David Shorr, a strategic thinker and veteran program manager
Oct 13, 2016
American foreign policy debates tend to focus disproportionally on the Middle East. To correct this tendency, the Obama administration’s adopted the so-called pivot to Asia (aka “rebalancing”): to refocus U.S. policy in proper proportion to the full range of the nation’s challenges and interests. Indeed, this broader perspective on today’s interconnected world and diligent approach to building the necessary coalitions, are the main elements that distinguish Barack Obama and Hillary Clinton’s pragmatic approach from the Republicans’ bullheaded approach.
Fu Ying, Chair, Center for International Security and Strategy, Tsinghua University
Oct 27, 2016
(Fu Ying addressed at the Valdai International Discussion Club.)It's an honor to be invited to the Valdai International Discussion Club.Founded in 2004, the Val
Richard Weitz, Senior Fellow, Hudson Institute
Oct 13, 2016
Recent speeches given to the UN General Assembly by the U.S. and China illustrate sharp differences in areas such as domestic political systems, appropriate roles and relationships in world politics, and dispute resolution. Russia backed China on many points that the U.S. opposes. These disagreements will continue to play a large role in shaping the international arena.
George Koo, Retired International Business Consultant and Contributor to Asia Times
Sep 23, 2016
September’s global summits saw the U.S. and China agreeing to abide by the Paris Accord on limiting emission of greenhouse gases, an influential and important step in encouraging others to follow their lead. On other issues, the two countries took divergent paths.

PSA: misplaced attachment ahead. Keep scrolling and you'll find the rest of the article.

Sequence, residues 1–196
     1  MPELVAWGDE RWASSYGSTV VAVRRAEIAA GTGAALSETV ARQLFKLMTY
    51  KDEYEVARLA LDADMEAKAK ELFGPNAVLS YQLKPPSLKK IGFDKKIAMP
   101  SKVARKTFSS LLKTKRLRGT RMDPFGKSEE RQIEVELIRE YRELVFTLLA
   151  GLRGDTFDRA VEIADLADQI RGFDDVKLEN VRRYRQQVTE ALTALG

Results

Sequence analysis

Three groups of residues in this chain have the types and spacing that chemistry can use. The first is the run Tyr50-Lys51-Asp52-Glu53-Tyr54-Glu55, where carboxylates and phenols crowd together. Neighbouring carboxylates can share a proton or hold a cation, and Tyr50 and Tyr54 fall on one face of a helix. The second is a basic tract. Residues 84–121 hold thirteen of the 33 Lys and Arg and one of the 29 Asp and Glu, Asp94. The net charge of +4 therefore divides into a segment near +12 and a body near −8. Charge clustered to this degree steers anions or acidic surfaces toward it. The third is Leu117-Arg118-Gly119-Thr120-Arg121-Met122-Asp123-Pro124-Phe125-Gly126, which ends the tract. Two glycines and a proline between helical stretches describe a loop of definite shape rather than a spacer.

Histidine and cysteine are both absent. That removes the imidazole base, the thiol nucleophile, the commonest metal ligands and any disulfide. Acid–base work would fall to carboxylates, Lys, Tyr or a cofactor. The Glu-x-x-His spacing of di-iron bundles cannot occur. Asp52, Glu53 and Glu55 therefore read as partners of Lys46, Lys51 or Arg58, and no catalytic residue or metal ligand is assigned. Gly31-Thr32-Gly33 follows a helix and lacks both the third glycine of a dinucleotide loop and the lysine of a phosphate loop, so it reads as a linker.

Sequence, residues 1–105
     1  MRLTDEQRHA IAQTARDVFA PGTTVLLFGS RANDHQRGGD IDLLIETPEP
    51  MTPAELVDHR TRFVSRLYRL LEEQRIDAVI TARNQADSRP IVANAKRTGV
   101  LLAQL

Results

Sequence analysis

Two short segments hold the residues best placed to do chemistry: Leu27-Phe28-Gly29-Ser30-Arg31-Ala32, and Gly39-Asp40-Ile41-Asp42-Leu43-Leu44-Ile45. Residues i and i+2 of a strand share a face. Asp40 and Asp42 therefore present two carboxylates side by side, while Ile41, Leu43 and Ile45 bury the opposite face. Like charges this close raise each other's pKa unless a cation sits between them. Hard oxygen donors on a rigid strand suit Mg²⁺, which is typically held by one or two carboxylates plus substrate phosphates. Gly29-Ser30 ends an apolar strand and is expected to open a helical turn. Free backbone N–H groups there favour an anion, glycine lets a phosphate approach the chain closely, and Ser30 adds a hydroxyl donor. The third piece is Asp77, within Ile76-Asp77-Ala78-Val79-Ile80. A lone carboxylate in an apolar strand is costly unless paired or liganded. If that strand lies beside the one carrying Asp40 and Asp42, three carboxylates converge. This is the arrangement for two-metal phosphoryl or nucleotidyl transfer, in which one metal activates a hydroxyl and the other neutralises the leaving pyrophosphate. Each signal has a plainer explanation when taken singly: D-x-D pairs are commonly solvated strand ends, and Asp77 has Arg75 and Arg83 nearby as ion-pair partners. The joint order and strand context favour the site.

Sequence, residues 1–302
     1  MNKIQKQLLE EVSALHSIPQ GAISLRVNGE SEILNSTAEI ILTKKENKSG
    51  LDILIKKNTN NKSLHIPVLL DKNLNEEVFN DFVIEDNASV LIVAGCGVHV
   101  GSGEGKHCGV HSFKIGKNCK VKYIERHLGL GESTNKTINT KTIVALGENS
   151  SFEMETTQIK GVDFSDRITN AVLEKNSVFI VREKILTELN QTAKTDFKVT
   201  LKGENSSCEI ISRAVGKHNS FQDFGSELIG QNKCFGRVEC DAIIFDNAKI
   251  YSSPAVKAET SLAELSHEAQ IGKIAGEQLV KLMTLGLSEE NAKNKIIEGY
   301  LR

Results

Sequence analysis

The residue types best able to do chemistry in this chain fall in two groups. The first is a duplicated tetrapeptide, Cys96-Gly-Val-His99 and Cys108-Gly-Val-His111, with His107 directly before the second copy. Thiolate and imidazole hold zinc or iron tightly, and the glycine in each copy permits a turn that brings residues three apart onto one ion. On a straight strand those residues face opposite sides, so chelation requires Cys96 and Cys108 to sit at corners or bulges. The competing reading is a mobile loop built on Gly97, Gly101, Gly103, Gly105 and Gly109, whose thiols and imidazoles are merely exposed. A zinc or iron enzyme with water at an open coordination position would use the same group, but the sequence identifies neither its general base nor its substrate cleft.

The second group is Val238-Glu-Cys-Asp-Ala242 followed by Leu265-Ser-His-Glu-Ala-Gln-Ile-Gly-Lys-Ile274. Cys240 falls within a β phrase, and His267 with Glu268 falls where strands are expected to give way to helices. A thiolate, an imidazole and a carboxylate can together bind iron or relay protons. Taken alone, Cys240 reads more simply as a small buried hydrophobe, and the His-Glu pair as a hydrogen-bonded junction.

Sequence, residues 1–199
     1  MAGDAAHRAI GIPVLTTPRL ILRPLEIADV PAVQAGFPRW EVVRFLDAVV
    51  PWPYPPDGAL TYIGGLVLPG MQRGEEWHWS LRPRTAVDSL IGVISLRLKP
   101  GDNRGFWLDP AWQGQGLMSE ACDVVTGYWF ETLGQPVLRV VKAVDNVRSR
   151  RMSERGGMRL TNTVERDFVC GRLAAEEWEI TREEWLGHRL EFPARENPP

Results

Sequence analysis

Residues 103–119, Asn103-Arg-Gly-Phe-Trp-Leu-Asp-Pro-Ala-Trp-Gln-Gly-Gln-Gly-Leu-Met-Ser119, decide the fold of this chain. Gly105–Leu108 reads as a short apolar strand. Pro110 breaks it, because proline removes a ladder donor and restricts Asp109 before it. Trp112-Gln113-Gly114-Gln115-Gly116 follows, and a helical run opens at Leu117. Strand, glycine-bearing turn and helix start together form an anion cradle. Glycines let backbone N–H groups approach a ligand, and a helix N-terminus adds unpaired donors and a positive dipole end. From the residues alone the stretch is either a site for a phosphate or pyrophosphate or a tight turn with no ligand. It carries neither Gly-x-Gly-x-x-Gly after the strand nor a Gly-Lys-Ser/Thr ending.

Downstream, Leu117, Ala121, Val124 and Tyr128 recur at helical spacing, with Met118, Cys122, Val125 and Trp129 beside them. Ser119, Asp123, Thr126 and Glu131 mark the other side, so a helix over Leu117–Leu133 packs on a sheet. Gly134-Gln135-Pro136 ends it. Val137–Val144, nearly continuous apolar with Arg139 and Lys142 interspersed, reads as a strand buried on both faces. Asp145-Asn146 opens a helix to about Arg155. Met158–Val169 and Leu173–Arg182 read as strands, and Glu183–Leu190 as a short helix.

Wang Jisi, President, Institute of International and Strategic Studies, Peking University
Sep 19, 2016
The two governments have been rather successful in managing their differences and avoiding possible crises, and they have the determination and the ability to continue safeguarding the overall China-US relationship. In the new normal, both sides need to direct their efforts at clearly explaining to their people the strategic intent of no conflict and no confrontation as well as their willingness to cooperate.
Stephen Roach, Faculty Member, Yale University
Sep 06, 2016
Despite all the hand-wringing over the vaunted China slowdown, the Chinese economy remains the single largest contributor to world GDP growth. For a global economy limping along at stall speed – and most likely unable to withstand a significant shock without toppling into renewed recession – that contribution is all the more important.
Zhao Minghao, Senior Fellow, Charhar Institute
Sep 02, 2016
The world’s two largest economies must lead globalization onto a track of fast progress, to further accentuate “development”, placing more emphasis on “the politics of distribution”, rather than on “the politics of production”.
Wang Yusheng, Executive Director, China Foundation for Int'l Studies
Aug 31, 2016
Chinese concepts and wisdom about “win-win cooperation”, “new type of major-country relationship”, “community of common destiny of all mankind” and “new security concept” will surely contribute to the G20 in the development of solidarity and a partnership spirit.
Shi Yinhong, Professor, Renmin University
Aug 23, 2016
Amid changes in global political culture and turbulent relations between powers, it is unprecedentedly difficult to create, readjust and implement rules of global governance. Efforts must be made to resist the populist, nativist and nationalist political culture that is expanding and increasing throughout the world so that major-power relations can be stabilized and improved.
Jared McKinney, PhD student, S. Rajaratnam School of International Studies
Jul 27, 2016
A new Penguin Special book attempts to recast China’s rise using eight “imperfect analogies.” Jared McKinney reviews the effort and reflects on the use of analogies in American political discourse, arguing that China’s rise broadly conceived still shares the most similarities with that of another contemporary great power: America.